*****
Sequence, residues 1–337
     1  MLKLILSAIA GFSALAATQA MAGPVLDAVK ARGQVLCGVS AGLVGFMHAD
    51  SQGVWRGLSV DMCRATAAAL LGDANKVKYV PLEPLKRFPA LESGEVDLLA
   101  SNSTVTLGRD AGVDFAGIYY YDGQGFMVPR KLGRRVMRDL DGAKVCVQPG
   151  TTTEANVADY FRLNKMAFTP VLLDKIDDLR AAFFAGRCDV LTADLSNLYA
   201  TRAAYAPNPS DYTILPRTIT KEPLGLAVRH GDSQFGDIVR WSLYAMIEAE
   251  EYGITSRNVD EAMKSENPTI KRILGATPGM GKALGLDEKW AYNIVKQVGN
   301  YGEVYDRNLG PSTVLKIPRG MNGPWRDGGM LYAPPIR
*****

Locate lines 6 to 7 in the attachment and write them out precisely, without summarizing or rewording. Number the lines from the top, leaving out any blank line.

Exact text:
   201  TRAAYAPNPS DYTILPRTIT KEPLGLAVRH GDSQFGDIVR WSLYAMIEAE
   251  EYGITSRNVD EAMKSENPTI KRILGATPGM GKALGLDEKW AYNIVKQVGN